The IRS has released contribution amounts for Health Savings Accounts (HSAs) for the 2023 calendar year. Based on the current rate of inflation, it’s not surprising that these went up substantially. Here’s a comparison to current 2022 contribution levels:
|HSA contributions – self-only coverage||$3,850||$3,650|
|HSA contributions – family coverage||$7,750||$7,300|
|Catch up contributions (age 55+)||$1,000||$1,000|
High Deductible Health Plan Coverage is Required
Health savings accounts are available to participants in a high-deductible health plan (HDHP) that has a certain minimum deductible amount and a maximum out of pocket amount. Here are those numbers for this year and next:
|HDHP minimum deductible – self-only coverage||$1,500||$1,400|
|HDHP minimum deductible – family coverage||$3,000||$2,800|
|HDHP maximum out-of-pocket amounts – self-only coverage||$7,500||$7,050|
|HDHP maximum out-of-pocket amounts – family coverage||$15,000||$14,100|
What are health savings accounts (HSAs)?
HSAs provide a tax advantaged way to set money aside for “qualified medical expenses”. An HSA can be set up by individuals or can be part of a company-sponsored employee benefit plan, in which case pretax contributions can be made through a cafeteria plan. As long as funds are used for qualified medical expenses, they can be both contributed and withdrawn from the HSA tax-free.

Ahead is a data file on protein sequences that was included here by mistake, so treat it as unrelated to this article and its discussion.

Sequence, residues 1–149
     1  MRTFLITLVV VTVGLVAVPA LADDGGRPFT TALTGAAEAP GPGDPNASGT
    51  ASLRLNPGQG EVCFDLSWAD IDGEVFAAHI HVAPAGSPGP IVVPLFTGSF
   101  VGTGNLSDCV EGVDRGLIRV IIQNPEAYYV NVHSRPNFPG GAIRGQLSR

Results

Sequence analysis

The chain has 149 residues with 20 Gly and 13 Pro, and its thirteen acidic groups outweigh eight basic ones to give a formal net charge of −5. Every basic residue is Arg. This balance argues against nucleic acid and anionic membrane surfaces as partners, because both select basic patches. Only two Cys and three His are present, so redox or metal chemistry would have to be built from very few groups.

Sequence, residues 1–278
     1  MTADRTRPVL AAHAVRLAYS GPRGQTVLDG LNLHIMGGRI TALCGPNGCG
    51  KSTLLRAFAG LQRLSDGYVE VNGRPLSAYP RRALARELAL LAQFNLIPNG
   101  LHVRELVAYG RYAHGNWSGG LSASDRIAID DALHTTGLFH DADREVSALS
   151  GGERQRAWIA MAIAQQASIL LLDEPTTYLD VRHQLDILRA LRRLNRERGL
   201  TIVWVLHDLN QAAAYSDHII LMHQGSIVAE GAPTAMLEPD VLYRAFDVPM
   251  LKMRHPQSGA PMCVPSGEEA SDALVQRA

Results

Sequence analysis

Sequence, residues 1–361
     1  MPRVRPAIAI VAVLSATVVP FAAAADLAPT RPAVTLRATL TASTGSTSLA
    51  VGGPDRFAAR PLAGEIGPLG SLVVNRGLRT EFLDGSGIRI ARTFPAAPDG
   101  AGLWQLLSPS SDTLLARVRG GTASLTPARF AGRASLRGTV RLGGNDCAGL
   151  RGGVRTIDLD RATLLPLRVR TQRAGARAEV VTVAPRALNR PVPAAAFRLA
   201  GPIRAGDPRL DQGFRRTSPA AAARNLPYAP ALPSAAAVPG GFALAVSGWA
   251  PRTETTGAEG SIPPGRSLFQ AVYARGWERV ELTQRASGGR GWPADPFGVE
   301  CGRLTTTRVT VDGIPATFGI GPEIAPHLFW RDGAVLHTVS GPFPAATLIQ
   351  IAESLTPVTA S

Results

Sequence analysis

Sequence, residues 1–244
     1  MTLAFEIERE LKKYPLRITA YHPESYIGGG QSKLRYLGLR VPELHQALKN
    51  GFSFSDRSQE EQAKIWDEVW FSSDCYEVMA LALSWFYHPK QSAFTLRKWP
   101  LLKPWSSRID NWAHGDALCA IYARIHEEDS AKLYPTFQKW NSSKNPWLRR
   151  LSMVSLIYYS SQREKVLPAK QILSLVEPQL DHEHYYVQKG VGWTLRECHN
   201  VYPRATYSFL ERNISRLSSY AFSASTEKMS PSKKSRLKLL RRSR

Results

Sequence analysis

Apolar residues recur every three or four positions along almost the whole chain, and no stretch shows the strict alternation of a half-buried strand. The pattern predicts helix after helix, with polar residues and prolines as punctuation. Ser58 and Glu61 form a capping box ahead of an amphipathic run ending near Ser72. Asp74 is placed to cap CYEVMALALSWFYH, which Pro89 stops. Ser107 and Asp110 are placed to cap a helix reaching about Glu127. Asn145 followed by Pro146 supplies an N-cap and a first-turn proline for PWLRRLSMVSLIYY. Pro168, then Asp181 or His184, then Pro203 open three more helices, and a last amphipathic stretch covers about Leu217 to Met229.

Qualified medical expenses are those that would generally qualify for the medical and dental expenses tax deduction. For a list, refer to IRS Publication 502, Medical and Dental Expenses. In addition, some over the counter products can be covered, as well as certain insurance premiums.
Unused amounts in an HSA can carry over year after year without limit. And they’re portable – if an HSA is initially set up through a company, employees can take their account with them when they leave.
In order to be eligible for an HSA, a participant is not allowed to have other health plan coverage, including Medicare or even medical reimbursement flexible spending accounts (FSAs). However, “limited use” FSAs that cover non-medical expenses (such as dental) are allowed in conjunction with an HSA. And other types of insurance such as dental, vision, long term care, accident, and specific disease insurance are also allowed.
For more information about HSAs, see IRS Publication 969, Health Savings Accounts and Other Tax-Favored Health Plans.